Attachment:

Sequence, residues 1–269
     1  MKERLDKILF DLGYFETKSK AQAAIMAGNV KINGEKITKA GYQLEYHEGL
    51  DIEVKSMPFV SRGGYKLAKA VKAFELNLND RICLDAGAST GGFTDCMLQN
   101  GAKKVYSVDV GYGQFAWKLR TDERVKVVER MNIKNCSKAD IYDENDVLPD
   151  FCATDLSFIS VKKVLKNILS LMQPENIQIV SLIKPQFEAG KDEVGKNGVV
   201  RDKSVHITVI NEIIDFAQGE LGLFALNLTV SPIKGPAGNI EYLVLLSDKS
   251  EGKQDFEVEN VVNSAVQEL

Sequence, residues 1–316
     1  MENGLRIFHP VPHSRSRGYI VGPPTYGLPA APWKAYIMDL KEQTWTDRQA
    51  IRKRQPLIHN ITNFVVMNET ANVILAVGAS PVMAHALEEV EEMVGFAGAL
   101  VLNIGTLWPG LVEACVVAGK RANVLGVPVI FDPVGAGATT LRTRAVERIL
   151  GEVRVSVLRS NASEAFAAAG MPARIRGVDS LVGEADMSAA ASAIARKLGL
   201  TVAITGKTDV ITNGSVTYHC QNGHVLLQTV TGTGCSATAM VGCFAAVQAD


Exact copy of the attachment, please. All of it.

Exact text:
Sequence, residues 1–269
     1  MKERLDKILF DLGYFETKSK AQAAIMAGNV KINGEKITKA GYQLEYHEGL
    51  DIEVKSMPFV SRGGYKLAKA VKAFELNLND RICLDAGAST GGFTDCMLQN
   101  GAKKVYSVDV GYGQFAWKLR TDERVKVVER MNIKNCSKAD IYDENDVLPD
   151  FCATDLSFIS VKKVLKNILS LMQPENIQIV SLIKPQFEAG KDEVGKNGVV
   201  RDKSVHITVI NEIIDFAQGE LGLFALNLTV SPIKGPAGNI EYLVLLSDKS
   251  EGKQDFEVEN VVNSAVQEL

Sequence, residues 1–316
     1  MENGLRIFHP VPHSRSRGYI VGPPTYGLPA APWKAYIMDL KEQTWTDRQA
    51  IRKRQPLIHN ITNFVVMNET ANVILAVGAS PVMAHALEEV EEMVGFAGAL
   101  VLNIGTLWPG LVEACVVAGK RANVLGVPVI FDPVGAGATT LRTRAVERIL
   151  GEVRVSVLRS NASEAFAAAG MPARIRGVDS LVGEADMSAA ASAIARKLGL
   201  TVAITGKTDV ITNGSVTYHC QNGHVLLQTV TGTGCSATAM VGCFAAVQAD